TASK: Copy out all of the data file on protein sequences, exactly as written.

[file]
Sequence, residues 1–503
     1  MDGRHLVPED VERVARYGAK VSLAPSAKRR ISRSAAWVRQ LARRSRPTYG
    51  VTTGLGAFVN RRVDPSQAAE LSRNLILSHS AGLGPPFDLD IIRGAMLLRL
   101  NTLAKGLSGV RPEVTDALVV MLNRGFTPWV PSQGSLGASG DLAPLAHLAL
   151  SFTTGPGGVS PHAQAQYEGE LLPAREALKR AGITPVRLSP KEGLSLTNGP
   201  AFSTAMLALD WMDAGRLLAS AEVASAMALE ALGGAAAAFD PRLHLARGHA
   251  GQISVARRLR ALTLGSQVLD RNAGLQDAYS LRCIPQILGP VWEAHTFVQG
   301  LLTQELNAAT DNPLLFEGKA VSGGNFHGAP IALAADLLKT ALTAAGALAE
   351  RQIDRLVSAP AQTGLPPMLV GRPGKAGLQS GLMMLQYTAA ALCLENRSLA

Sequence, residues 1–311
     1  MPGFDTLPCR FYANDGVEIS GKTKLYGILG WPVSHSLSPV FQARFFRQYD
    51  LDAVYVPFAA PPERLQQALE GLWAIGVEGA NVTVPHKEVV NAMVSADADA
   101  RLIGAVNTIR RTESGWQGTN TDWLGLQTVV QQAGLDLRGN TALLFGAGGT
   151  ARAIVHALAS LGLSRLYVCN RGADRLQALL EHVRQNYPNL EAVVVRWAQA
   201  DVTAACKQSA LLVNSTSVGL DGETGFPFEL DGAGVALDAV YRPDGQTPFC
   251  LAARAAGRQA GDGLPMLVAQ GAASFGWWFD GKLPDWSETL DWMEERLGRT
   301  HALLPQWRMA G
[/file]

Sequence, residues 1–503
     1  MDGRHLVPED VERVARYGAK VSLAPSAKRR ISRSAAWVRQ LARRSRPTYG
    51  VTTGLGAFVN RRVDPSQAAE LSRNLILSHS AGLGPPFDLD IIRGAMLLRL
   101  NTLAKGLSGV RPEVTDALVV MLNRGFTPWV PSQGSLGASG DLAPLAHLAL
   151  SFTTGPGGVS PHAQAQYEGE LLPAREALKR AGITPVRLSP KEGLSLTNGP
   201  AFSTAMLALD WMDAGRLLAS AEVASAMALE ALGGAAAAFD PRLHLARGHA
   251  GQISVARRLR ALTLGSQVLD RNAGLQDAYS LRCIPQILGP VWEAHTFVQG
   301  LLTQELNAAT DNPLLFEGKA VSGGNFHGAP IALAADLLKT ALTAAGALAE
   351  RQIDRLVSAP AQTGLPPMLV GRPGKAGLQS GLMMLQYTAA ALCLENRSLA

Sequence, residues 1–311
     1  MPGFDTLPCR FYANDGVEIS GKTKLYGILG WPVSHSLSPV FQARFFRQYD
    51  LDAVYVPFAA PPERLQQALE GLWAIGVEGA NVTVPHKEVV NAMVSADADA
   101  RLIGAVNTIR RTESGWQGTN TDWLGLQTVV QQAGLDLRGN TALLFGAGGT
   151  ARAIVHALAS LGLSRLYVCN RGADRLQALL EHVRQNYPNL EAVVVRWAQA
   201  DVTAACKQSA LLVNSTSVGL DGETGFPFEL DGAGVALDAV YRPDGQTPFC
   251  LAARAAGRQA GDGLPMLVAQ GAASFGWWFD GKLPDWSETL DWMEERLGRT
   301  HALLPQWRMA G